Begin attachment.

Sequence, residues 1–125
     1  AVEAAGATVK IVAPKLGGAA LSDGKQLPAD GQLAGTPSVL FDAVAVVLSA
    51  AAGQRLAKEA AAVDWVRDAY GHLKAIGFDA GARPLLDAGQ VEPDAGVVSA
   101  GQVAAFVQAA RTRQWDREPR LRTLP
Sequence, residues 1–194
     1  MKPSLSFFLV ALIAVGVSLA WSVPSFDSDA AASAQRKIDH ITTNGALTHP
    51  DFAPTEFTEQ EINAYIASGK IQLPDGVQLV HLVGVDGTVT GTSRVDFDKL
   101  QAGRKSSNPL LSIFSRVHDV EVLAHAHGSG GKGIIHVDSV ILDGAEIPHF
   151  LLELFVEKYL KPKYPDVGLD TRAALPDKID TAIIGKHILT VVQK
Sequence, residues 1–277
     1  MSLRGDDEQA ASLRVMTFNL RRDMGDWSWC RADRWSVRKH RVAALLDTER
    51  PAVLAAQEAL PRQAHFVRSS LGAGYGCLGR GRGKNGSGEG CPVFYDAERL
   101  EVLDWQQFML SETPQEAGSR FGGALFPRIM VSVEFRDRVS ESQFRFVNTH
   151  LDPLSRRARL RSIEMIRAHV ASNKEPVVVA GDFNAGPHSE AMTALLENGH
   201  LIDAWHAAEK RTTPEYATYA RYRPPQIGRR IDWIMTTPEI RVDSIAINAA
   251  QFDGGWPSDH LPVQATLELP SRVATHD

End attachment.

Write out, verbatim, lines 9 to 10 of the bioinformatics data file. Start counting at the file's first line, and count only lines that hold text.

   151  LLELFVEKYL KPKYPDVGLD TRAALPDKID TAIIGKHILT VVQK
Sequence, residues 1–277